The output terminal 65a is connected to the noninverting terminal 71a of differential amplifier 71. The output terminal 65b is connected to the inverting terminal 72a of differential amplifier 72. The non-inverting terminals 71b and 72b are connected to the output of injection pulse generator 76 which is synchronized with X-axis pulses to provide injection pulses 77 from a base line level of -71/2 volts, as shown in FIG. 6G, at the output thereof. (A change in voltage at the inverting terminal of a differential amplifier in one direction in relation to a referenced potential produces a change in voltage at the output terminal in the opposite direction in relation to the referenced potential. A change in voltage at the non-inverting terminal in one direction in relation to a referenced potential produces a change in voltage at the output terminal in the same direction in relation to the referenced potential.) Feedback resistor R1 connected between the output terminal 71c and the input terminal 71a of differential amplifier 71 provides a voltage signal at output terminal 71c in response to a current signal appearing at input terminal 71a. Similarly, feedback resistor R2 connected between the output terminal 72c and input terminal 72a of differential amplifier 72 provides an output voltage at output terminal 72c corresponding to a current input at input terminal 72a. Thus, in the absence of an injection pulse appearing at the output of injection pulse generator 76 the potential appearing at terminals 65a and 65b are equal to the row line potential of -71/2 volts. On the appearance of injection pulses 77 the potential on non-inverting terminals 71b and 72b is raised to zero and accordingly the potential on the row lines to which the terminals 65a and 65b are connected also rise to zero potential and cause injection of charge stored in the devices of these rows to occur, as will be explained below in more detail.
A differential amplifier 73 having an inverting terminal 73a, a non-inverting terminal 73b and an output terminal 73c is provided for obtaining the difference in the signals appearing at the output terminal 71c and 72c of differential amplifiers 71 and 72, respectively. Output terminal 71c is connected through a series resistance R3 to the inverting input terminal 73a and the output terminal 72c is connected through series resistance R4 to the non-inverting input terminal 73b. Resistance R5 is connected between the non-inverting terminal 73b and ground and a feedback resistance R6 is connected between the output terminal 73c and the input terminal 73a. Thus, at the output terminal 73c appears a voltage signal corresponding to the difference in outputs at terminals 71c and 72c.
The gate electrodes of the transistor pairs 61a and 64b, 62a and 61b, 63a and 62b, 64a and 63b are connected to successive output terminals of the row shift register 81, numbered respectively 1, 2, 3 and 4. The outputs at terminals 1 and 2 of the row shift register are shown, respectively, in FIGS. 7D and 7E. The outputs at terminals 3 and 4 are similar to output of terminal 1 except appropriately delayed in time to occur during the third and fourth row line scan periods, respectively. The input to row shift register 81, referred to as the frame sync pulse, is the pulse obtained at the output of the second counter 55. One frame sync pulse occurs for every twenty Y-axis clock pulses. Oppositely phased clock drive pulses for the row shift register 81 are derived from the X-axis clock pulses. The oppositely phased drive pulses are applied to each of the stages of the row shift register 81 to produce the indicated outputs at the terminals 1-4 thereof. The row shift register 81 may be any of a number of shift registers known to the art. The elements of the shift register 81 may be formed on the substrate at the same time that the devices of the array 20 are formed.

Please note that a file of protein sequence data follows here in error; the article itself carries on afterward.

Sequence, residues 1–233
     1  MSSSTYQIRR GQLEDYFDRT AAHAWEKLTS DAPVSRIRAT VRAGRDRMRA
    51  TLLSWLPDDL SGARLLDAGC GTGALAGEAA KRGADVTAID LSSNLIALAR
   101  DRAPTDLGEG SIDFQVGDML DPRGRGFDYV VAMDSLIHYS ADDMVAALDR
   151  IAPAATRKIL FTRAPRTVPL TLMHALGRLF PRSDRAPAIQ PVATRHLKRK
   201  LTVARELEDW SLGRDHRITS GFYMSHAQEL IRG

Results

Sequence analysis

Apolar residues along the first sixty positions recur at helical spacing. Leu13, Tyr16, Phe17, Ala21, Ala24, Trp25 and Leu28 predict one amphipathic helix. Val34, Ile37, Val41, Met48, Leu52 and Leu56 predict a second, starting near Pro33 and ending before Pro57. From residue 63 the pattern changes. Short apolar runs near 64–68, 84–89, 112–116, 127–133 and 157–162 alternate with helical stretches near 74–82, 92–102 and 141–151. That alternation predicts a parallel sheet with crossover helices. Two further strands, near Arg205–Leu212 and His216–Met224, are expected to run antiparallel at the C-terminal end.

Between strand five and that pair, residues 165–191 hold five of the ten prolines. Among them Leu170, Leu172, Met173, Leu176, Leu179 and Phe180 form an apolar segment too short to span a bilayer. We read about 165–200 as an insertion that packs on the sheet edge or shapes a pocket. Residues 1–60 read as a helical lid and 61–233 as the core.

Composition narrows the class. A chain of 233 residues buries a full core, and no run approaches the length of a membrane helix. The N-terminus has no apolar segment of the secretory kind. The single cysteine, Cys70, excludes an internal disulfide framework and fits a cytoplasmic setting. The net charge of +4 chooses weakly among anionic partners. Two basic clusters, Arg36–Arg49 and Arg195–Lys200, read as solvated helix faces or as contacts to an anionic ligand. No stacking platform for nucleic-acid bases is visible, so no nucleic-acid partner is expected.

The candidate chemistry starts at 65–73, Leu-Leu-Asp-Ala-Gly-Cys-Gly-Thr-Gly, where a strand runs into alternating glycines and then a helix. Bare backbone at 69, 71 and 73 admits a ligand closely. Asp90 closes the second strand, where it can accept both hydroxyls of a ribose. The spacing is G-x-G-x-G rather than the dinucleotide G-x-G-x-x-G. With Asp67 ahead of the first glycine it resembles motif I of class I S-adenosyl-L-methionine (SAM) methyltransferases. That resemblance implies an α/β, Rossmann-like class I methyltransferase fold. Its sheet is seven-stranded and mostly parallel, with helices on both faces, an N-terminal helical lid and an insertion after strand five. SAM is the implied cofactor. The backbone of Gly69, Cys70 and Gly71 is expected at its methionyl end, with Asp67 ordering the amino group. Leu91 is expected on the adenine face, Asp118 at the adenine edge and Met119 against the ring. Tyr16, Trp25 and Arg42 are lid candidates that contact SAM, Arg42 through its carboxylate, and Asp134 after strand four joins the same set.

During the occurrence of the gating pulse of FIG. 7D on terminal 1 of the row scanner 81, transistors 61a and 64b are turned on, connecting row X1 to terminal 65a and connecting row line X4 to terminal 65b. Prior to the instant of time t0, the devices of row X4 have been read out and the charge stored in these devices has been injected into the substrate as will be explained below.
The pulses appearing on the column lines Y1 -Y4 to effect readout are shown, respectively in FIGS. 70-7R. The pulse applied to column line Y1 raises the voltage thereof to zero volts during the interval t1 -t5. Similarly the column lines Y2 -Y4 are raised to zero volts during intervals t2 -t5, t3 -t5, t4 -t5, respectively. The first device in the first row X1 is read out by the rise in potential of the Y1 line to zero volts which causes charge stored in the column cell to transfer into the row cell of the first device. The transferred charge is sensed on terminal 65a connected to line X1 thru transistor 61A. Simultaneously, any signal on line X4 due to shift in voltage on the column electrode of the first device in the fourth row (which has been emptied of charge at the end of the previous row scan period) is sensed on terminal 65b. As terminal 65a is connected to the inverting terminal 71a of the differential amplifier 71 and as terminal 65b is connected to the inverting terminal 72a of the differential amplifier 72, an output is obtained from the amplifier 73 which is the difference of the two signals. The other devices of the rows X1 and X4 are similarly sensed and differential outputs obtained. This mode of sensing eliminates components in the resultant signals which are due to geometrical non-uniformities in the devices of the array and which are referred to as pattern noise. At the end of the period of scan of the devices of rows X1 and X4, while the column lines are at zero volts the injection pulse 77 of FIG. 7G is applied to the non-inverting terminals 71b and 72b of amplifiers 71 and 72 respectively to raise the potential of the X1 and X.sub. 4 line to zero to cause the charge stored in rows 4 and 1 to be injected into the substrate. With +2 volts substrate bias on the layer 21a bias charge is maintained in the column and row storage sites of each of the devices of the addressed rows with resultant improved noise performance of the array as pointed out above.